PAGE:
Mourning Our Way: Adapting Jewish Mourning Customs for a Special Needs Family

Four months ago I was about to get ready for bed when my cellphone rang. I ignored it because it was from an unknown caller. When I ignored it a second time, the caller left a voicemail. It was my stepmother's friend, whom I had never met, calling from a hospital in Texas. She calmly but sternly instructed me to call my stepmother immediately. I did, and my stepmother blurted out, "Amber, I am so sorry. He's gone."

My father was only 69 years old. Though he had some chronic health problems, his death was sudden and unexpected. The next few days were a blur—rushing to make travel plans, connecting with my siblings spread out across the country, contacting other relatives and friends, and trying my best to support my stepmother who was deeply in shock and suddenly faced with a series of decisions that she and my dad had never seriously discussed. Even though my partner Cherie and I have been together for over 15 years and my father was very fond of her, it was clear to me that I needed to travel to the funeral alone, because a last-minute trip 2,500 miles away would have been incredibly difficult for our 10-year-old autistic son Elijah, who finds change of routine extremely difficult. So I booked my flights, and Cherie did her best to discourage me from thinking about how challenging her four days of solo parenting would be while I was away.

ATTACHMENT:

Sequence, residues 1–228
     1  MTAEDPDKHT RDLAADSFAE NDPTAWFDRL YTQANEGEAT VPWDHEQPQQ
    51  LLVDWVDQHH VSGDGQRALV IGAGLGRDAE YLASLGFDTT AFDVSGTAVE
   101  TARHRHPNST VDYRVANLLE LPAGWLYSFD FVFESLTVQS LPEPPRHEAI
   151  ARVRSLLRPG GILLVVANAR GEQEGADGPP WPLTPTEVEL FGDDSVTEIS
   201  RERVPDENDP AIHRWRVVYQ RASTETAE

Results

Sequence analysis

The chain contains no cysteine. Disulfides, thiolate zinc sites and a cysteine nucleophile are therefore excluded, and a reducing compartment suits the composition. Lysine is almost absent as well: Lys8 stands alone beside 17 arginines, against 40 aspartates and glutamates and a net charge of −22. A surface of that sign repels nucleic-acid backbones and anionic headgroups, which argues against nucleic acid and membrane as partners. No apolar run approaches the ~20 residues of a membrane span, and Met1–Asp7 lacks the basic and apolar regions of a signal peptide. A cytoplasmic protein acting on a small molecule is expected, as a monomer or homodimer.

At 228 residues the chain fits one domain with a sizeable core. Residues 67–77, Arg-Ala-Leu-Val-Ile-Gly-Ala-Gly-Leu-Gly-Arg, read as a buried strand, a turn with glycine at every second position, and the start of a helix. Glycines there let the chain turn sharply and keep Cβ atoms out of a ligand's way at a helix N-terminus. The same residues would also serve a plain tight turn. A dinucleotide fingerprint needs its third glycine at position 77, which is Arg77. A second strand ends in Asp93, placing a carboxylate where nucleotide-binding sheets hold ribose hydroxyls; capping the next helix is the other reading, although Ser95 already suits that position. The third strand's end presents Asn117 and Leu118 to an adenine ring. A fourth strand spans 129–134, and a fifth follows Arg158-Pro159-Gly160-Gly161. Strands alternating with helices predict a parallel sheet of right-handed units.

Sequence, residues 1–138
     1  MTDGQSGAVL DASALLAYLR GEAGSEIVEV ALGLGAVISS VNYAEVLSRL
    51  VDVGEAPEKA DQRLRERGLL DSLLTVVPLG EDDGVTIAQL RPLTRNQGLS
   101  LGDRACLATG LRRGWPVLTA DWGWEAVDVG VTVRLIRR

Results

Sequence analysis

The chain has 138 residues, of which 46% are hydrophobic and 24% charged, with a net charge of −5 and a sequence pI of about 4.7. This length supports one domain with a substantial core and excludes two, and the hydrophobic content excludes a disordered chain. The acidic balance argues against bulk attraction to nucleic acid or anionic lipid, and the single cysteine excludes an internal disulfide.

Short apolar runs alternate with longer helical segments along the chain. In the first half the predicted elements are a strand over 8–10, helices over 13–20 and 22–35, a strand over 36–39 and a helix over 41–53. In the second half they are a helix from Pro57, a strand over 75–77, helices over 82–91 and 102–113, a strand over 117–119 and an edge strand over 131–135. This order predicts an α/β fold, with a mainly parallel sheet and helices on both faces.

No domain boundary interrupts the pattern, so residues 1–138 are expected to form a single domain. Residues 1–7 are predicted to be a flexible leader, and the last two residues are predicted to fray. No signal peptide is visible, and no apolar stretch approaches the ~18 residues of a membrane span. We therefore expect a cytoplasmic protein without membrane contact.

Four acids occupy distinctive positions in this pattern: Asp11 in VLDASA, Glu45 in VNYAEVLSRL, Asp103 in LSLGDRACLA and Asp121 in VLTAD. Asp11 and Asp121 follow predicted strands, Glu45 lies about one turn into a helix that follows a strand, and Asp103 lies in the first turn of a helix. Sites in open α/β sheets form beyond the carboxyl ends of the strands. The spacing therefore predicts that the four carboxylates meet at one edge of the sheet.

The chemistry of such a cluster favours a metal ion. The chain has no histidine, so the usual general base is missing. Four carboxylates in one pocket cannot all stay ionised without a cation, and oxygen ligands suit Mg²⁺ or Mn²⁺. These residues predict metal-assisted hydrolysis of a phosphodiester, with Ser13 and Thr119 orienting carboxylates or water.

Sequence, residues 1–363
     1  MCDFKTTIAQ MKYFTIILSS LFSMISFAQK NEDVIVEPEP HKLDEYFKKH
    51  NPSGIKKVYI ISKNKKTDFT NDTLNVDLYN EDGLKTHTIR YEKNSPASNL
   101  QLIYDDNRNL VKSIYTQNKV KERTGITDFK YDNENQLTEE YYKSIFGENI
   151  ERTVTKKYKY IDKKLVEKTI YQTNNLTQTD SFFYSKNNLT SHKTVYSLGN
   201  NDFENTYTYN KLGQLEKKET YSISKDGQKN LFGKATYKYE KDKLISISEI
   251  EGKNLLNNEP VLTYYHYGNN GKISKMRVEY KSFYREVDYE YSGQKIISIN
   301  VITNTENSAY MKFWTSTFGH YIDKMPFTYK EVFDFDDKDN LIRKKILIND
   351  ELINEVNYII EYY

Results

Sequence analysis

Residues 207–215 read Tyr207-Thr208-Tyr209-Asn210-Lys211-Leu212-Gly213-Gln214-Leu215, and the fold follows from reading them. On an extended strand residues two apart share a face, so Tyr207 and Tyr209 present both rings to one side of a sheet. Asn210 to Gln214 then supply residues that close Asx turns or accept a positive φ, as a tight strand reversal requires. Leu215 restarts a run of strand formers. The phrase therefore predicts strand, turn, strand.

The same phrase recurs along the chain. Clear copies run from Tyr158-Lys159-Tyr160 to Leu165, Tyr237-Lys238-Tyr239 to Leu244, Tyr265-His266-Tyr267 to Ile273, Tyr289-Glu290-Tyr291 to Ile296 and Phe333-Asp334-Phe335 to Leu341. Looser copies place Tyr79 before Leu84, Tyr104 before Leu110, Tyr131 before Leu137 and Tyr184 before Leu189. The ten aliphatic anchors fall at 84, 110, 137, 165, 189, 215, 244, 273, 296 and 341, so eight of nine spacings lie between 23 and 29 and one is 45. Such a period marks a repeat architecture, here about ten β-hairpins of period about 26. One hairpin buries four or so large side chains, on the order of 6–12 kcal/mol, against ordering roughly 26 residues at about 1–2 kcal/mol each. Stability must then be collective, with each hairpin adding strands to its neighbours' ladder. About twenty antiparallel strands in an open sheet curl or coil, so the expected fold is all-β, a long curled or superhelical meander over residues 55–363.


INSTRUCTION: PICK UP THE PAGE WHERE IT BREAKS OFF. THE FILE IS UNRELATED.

On my mind at the same time was trying to figure out how to sit shiva when I returned to Philadelphia. As luck would have it, I would be returning just in time for Presidents’ Day weekend, so our son would not return to school until five days after the funeral. I knew that receiving visitors while Elijah was home would be very stressful for him, especially when he had already been out of his routine for several days. I also knew that I would want to be with my Cherie and Elijah during those emotionally difficult early days of grief and that I didn't feel right displacing them just so I could have visitors. So I crafted a plan that seemed to make the most sense for our family; although I would be sitting shiva beginning Saturday night, we requested that visits on Sunday and Monday be restricted to friends with whom Elijah was personally familiar. I scheduled minyanim for Tuesday and Wednesday during the day when he would be at school and I asked that visits be restricted to during his school hours. Dear friends, also rabbis, reassured me that although my instructions were, well, odd, doing what made the most sense for our family was the right thing to do.

All day Sunday we hung out at home. As Elijah watched videos and Cherie divided her time between watching him, comforting me, and taking care of the many household chores that were piling up, I looked through old pictures and waited. Would my extended community honor my instructions or would we be faced with visitors who didn't read the instructions closely? My fears were unfounded—we didn't have a single visitor all day. I was relieved but also sad—being a special needs family always feels pretty isolating, but this felt like a tangible illustration of that reality, which was tough to face when I was already feeling raw and vulnerable. Cherie kindly and gently reminded me that visitors really would have been quite unsettling for Elijah and that I would be surrounded by my community on Tuesday and Wednesday. I had shared the news of my father’s death on Facebook and the messages of support that friends and colleagues near and far had posted there were incredibly comforting to me.